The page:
ALL NATURAL PAIN RELIEF

THIS GIVEAWAY HAS ENDED.

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Off Grid Tip: How to Tell How Much Daylight is Left

How to Tell How Much Daylight is LeftThis post is by Bernie Carr, apartmentprepper.com

I mentioned a while back that we “unplugged” from devices at our recent camping trip:  no GPS, no cell phones or laptops.  The kids felt strange at first, but eventually got used to it.

Apt Prepper son used this trick he learned watching Les Stroud, Survivorman – to find out how much time is left until the sky goes completely dark.  It was around 7 pm or so at the time, and he estimated around two hours and 15 minutes of daylight left.  He estimated it would be dark around 9:15 pm.  I had a solar watch and I checked the time to see if he was accurate.  I thought that seemed really late but I waited to see if it would really work.

After the sun finally went down and it was pitch black, I checked the time:  9:15.  The method was amazingly accurate.

Here’s how:

Hold your arm and stick  your hand out.  Place your hand between the sun and the horizon.  Each finger represents 15 minutes, and four fingers will equal one hour.   If you can stack your hands twice then that is two hours and so on.  In our case, at around 7 pm, Apt Prepper son was able to stack his hands twice plus one finger between the sun and the horizon, thereby coming up with 9:15 pm.

This method can be a lifesaver if you are out in the wilderness without a way to tell time.  You can gauge how much daylight you have left so you can return back to base camp in a timely manner.

 

© Apartment Prepper 2014

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Nite Ize DoohicKey Key Tool – Does it Work?

Nite Ize DooHicKeyThis post is by Bernie Carr, apartmentprepper.com

Today we are reviewing the Nite Ize DoohicKey Key Tool, a little gadget that has multiple uses.

According to the package, it can be used as:

  • Carabiner
  • Box Cutter
  • Bottle Opener
  • Wrench
  • Ruler
  • Flat Head Screw Driver

The Nite Ize DoohicKey Key Tool is small enough to place in your key ring.

I tested out its uses and found it to be sturdy enough to perform its intended uses.  I also like that it does not take up a lot of space.

Here is one of the uses I found for it:

Nite Ize carabinerI hung up a collapsible water carrier to dry for several hours and the Nite Ize DoohicKey Key Tool held up well.

It also worked well for opening boxes, and is not sharp enough to cut yourself.  It came in handy as a bottle opener.

Priced at $6.71 on Amazon, it is inexpensive enough to buy one for everyone in the family.  I think it would also make a nice stocking stuffer, office gift even for people who don’t want to think about prepping.

© Apartment Prepper 2014

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Don’t Let these Dangers Ruin your Summer Fun

Dont Let these Dangers Ruin Your Summer FunThis post is by Bernie Carr, apartmentprepper.com

I love summertime, a chance to kick back and take some time off.  Kids are out of school for the summer and the pace has slowed down.   The summer also signals a slowdown in preparedness – I know… even blog visits get a bit slower.   People go out of town, go on vacation and relax, which is just fine.  But summer also has its own share of dangers that are often overlooked in the excitement.

Heat Related Illnesses

Sunburn:  Everyone has had one- when you forget to bring sunscreen or just ignore the need for it because you’re having too much fun.  Last summer we went to the river with another family and had a great time.  We came prepared, and brought lots of sunscreen.  I slathered it on myself and the kids.  But my cousin decided she didn’t want to bother with it.  I reminded her mid-day to reapply sunscreen or cover up as her back was getting really red.  She didn’t feel like it.  Well, the next day she called me and said she should’ve listened, because she got a really bad burn.  Always pack plenty of sunscreen and reapply every couple of hours.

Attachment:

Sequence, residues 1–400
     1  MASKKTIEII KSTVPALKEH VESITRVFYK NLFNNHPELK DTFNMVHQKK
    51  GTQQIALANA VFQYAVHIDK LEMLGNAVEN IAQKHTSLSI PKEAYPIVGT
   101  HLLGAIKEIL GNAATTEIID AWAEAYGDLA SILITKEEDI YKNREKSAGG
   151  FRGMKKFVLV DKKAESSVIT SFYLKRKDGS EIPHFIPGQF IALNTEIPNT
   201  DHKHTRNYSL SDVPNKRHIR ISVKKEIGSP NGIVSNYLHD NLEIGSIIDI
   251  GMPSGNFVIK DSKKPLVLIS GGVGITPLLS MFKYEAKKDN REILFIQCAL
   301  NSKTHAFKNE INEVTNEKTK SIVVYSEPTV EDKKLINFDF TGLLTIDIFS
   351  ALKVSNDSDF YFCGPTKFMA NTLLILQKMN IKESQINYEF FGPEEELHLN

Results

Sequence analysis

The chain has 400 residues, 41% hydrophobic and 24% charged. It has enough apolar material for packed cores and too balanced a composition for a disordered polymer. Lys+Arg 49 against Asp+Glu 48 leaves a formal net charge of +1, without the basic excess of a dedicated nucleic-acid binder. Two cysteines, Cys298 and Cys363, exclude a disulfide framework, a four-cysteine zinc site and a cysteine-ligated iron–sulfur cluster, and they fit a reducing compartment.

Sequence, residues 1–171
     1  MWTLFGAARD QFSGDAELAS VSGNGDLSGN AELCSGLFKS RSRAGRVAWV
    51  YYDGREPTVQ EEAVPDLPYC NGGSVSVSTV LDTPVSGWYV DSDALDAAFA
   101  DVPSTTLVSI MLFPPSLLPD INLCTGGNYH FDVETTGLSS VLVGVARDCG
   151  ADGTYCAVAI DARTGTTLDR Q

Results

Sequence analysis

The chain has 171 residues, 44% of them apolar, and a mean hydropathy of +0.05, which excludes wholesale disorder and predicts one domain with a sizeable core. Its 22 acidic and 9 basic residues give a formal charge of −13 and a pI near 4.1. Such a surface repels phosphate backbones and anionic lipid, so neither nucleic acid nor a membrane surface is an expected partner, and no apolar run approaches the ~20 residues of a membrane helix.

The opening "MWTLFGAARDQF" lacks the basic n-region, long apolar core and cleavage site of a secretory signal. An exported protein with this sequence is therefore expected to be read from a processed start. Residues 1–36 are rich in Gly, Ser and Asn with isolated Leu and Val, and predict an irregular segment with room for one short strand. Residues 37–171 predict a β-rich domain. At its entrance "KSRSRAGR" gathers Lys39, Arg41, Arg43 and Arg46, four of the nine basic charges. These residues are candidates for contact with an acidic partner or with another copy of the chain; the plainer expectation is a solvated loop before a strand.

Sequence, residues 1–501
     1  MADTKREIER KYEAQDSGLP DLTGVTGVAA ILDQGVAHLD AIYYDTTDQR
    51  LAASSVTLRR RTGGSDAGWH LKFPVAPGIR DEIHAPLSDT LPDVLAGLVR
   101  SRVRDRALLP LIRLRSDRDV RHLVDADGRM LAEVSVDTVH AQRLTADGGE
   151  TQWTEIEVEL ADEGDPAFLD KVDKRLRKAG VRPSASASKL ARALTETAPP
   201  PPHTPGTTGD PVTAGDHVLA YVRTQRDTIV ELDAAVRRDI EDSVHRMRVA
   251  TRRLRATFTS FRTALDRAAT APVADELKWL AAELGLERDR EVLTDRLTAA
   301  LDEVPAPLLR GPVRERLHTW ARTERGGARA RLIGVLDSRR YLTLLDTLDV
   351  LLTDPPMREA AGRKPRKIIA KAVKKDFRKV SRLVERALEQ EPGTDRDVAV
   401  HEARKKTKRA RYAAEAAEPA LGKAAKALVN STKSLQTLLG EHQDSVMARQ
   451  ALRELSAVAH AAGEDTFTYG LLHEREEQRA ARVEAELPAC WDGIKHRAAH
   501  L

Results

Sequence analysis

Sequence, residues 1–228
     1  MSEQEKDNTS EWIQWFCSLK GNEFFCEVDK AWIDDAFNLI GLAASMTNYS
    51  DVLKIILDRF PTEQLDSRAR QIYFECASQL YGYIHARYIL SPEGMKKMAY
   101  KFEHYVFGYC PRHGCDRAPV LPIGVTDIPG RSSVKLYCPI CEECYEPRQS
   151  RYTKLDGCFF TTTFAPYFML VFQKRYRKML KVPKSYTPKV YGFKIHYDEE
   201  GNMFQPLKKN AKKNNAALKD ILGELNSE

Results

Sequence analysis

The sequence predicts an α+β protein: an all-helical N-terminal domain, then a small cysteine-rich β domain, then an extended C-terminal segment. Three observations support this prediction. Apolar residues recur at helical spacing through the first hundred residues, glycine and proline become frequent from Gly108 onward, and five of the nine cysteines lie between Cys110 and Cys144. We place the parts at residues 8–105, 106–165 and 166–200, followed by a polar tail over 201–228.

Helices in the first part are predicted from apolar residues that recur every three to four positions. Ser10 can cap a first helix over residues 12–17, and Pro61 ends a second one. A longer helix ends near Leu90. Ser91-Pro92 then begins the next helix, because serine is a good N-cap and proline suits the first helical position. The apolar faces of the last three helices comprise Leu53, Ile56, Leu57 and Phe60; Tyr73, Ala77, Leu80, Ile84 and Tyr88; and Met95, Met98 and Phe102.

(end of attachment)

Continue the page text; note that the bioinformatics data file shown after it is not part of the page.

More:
Heat Stroke:  Excessive heat can render a body to be unable to regulate its temperature.  Heat stroke occurs when the body temperature spikes up rapidly and the body is unable to cool down through sweating.  A victim of heat stroke must be treated as soon as possible.  Symptoms include dizziness, confusion, high temperature, hot skin and not sweating; this can lead to unconsciousness or even death.  Make sure everyone drinks plenty of fluids and stay as cool as possible.  A cooling scarf or even just a wet bandanna around your neck can help alleviate heat.

Heat Rash:  Heat rash is irritated skin from too much heat.  The rash appears to be small, red pimples and blisters.  Skin must be kept cool and dry to relieve discomfort.

Heat Exhaustion  Heat exhaustion results from exposure to extreme heat, while lacking fluids.  Symptoms include heavy sweating, dizziness, pale skin, nausea, vomiting and fainting.  This is dangerous for people with high blood pressure or heart problems – get treatment right away if severe symptoms are present.  Try to avoid strenuous activities during the hottest times of the day.

Insect Bites

Many people stay outdoors longer in the summer, resulting in more contact with insects.  Bee and wasp stings are common, along with mosquito bites, ticks and fleas etc.  Stings can be dangerous for people who are severely allergic.  They may be hard to avoid, so carry a first aid kit in your car or someplace handy.  Include Benadryl, Zyrtec or an Epi-pen if severely allergic.  Bring insect repellant or keep a citronella candle handy when spending time outdoors.

Getting Stranded

Summer also means frequent car trips, and there is nothing worse than being stranded in the heat, in an unfamiliar place.   Avoid the trauma of getting stuck by being prepared: